Published January 1, 2002. From Cook's Illustrated.
Noodles that are mealy, pasty, or fishy have no place in your favorite casserole.
Egg noodles are not the stars of the pasta world. They lack the panache of penne, the sultriness of spaghetti, the rotundity of rotini. Yet in their role as trusty sidekick to dishes like beef Stroganoff and chicken paprikash, or in a casserole, egg noodles can make or break a meal.
Classic egg noodles are thick, wide ribbons of pasta with a fat content that's slightly higher than that of other kinds of pasta because of their high percentage (up to 20 percent) of eggs. Their firm, sturdy texture is what makes them such an appealing complement to casseroles and heavy soups and stews.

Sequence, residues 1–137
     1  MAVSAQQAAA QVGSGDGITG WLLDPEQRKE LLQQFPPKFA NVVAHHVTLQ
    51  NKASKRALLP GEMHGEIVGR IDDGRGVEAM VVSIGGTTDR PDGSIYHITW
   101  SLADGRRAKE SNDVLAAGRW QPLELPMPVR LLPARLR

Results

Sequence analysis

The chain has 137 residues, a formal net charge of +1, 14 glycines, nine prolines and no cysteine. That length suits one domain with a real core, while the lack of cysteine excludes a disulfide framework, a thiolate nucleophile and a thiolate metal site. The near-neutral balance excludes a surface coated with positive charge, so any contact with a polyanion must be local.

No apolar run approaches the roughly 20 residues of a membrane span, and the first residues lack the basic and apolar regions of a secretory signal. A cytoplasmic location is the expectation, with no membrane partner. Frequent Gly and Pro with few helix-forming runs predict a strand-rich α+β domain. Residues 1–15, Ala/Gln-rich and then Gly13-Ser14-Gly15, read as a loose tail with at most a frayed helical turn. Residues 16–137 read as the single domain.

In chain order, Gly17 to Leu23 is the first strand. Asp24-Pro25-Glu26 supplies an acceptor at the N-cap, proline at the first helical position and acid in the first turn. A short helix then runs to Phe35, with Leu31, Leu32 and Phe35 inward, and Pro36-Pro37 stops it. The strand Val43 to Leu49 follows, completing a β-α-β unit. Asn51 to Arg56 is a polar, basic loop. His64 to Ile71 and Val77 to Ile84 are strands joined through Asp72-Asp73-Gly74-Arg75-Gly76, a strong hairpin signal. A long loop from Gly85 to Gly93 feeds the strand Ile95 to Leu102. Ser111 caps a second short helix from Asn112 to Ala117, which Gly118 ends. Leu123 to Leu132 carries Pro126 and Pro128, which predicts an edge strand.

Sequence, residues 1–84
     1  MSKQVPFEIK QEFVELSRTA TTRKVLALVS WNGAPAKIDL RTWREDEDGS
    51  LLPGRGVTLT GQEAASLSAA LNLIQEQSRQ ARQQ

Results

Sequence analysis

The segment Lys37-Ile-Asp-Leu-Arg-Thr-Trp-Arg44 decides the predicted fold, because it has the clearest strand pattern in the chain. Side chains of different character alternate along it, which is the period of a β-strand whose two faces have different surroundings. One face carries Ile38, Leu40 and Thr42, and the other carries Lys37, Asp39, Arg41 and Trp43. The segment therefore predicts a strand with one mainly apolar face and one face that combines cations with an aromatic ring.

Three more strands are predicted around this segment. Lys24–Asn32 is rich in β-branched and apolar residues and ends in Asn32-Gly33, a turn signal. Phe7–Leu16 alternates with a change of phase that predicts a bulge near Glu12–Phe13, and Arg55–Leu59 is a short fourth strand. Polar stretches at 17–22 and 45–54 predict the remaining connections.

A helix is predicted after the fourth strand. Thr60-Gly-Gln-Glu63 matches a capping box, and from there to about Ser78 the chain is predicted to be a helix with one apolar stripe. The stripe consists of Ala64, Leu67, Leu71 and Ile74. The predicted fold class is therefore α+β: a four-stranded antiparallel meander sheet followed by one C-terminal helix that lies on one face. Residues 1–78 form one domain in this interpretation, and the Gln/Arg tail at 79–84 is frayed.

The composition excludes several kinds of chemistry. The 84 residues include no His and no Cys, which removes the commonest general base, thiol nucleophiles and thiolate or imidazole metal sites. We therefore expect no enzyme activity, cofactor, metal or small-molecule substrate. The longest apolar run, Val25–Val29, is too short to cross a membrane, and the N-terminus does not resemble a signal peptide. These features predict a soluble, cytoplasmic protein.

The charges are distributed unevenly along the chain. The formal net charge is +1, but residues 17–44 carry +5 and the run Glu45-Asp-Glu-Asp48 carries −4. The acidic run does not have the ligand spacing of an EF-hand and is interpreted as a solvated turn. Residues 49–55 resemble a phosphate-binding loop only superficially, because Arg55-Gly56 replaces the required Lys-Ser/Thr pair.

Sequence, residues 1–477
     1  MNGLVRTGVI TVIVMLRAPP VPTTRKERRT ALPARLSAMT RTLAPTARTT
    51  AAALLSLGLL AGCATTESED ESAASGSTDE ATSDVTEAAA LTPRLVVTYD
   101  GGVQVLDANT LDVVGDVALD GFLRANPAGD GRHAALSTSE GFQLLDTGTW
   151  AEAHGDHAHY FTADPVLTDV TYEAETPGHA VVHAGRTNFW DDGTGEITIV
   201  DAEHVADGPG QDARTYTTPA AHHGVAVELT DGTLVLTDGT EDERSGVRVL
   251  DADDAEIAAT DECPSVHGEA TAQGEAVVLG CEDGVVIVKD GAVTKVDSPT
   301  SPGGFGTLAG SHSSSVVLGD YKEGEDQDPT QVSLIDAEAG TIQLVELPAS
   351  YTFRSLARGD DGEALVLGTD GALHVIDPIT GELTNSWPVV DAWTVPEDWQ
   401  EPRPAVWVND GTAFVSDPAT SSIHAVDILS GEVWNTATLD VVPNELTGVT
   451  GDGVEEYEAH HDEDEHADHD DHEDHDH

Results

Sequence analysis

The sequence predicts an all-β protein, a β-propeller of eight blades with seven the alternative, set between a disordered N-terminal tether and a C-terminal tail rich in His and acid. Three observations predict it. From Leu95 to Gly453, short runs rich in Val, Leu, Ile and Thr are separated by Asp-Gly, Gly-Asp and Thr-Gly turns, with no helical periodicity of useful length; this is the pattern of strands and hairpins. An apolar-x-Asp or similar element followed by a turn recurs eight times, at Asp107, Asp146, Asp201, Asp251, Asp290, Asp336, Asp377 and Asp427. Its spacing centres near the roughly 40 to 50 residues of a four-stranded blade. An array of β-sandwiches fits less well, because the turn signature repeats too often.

We chose eight widely available brands, cooked them in salted water, and then tasted them tossed in a small amount of canola oil to prevent clumping. We were looking for a clean, slightly buttery flavor and a firm yet yielding texture. Although the top two finished within one point of each other, the rest were unqualified disasters.
The winner was praised for its "clean, neutral" flavor, and the runner-up was a German brand that can be found in the international aisle of some supermarkets. Fans of these noodles described them as "yummy," with a "wheaty" flavor and "firm" texture. Coming in at the bottom was a brand whose ultrathick noodles were described as "a little too hard," with "too little flavor."